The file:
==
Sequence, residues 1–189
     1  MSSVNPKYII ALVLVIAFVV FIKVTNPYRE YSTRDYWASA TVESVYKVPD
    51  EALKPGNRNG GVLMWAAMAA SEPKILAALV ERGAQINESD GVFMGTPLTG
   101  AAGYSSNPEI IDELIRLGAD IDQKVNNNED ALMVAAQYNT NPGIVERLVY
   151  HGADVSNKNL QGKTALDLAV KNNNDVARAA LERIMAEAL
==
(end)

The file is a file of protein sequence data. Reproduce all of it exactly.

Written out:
Sequence, residues 1–189
     1  MSSVNPKYII ALVLVIAFVV FIKVTNPYRE YSTRDYWASA TVESVYKVPD
    51  EALKPGNRNG GVLMWAAMAA SEPKILAALV ERGAQINESD GVFMGTPLTG
   101  AAGYSSNPEI IDELIRLGAD IDQKVNNNED ALMVAAQYNT NPGIVERLVY
   151  HGADVSNKNL QGKTALDLAV KNNNDVARAA LERIMAEAL